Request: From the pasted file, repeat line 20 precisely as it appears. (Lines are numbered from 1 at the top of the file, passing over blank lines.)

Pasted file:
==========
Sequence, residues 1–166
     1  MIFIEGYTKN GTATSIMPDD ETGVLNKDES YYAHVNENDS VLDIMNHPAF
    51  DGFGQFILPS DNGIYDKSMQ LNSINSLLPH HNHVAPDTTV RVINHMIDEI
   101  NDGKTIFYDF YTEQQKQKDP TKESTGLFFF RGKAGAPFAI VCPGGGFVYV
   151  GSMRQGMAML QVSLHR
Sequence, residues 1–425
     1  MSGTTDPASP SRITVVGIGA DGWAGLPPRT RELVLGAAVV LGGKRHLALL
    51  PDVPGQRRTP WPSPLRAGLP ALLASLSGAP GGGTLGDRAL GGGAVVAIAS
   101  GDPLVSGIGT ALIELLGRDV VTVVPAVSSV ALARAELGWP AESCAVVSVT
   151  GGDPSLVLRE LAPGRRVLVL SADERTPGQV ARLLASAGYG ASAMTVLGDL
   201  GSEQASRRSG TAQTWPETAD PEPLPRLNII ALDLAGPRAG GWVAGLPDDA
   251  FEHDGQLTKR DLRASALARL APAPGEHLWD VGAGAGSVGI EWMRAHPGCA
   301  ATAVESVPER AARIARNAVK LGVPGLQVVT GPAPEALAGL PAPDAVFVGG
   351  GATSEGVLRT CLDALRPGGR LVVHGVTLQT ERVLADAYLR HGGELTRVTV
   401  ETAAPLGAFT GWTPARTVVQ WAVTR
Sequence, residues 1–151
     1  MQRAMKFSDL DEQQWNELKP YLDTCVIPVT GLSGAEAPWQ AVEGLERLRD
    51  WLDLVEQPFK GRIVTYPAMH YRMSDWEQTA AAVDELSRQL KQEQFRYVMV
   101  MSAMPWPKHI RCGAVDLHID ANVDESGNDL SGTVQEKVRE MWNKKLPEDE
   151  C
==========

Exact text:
   151  C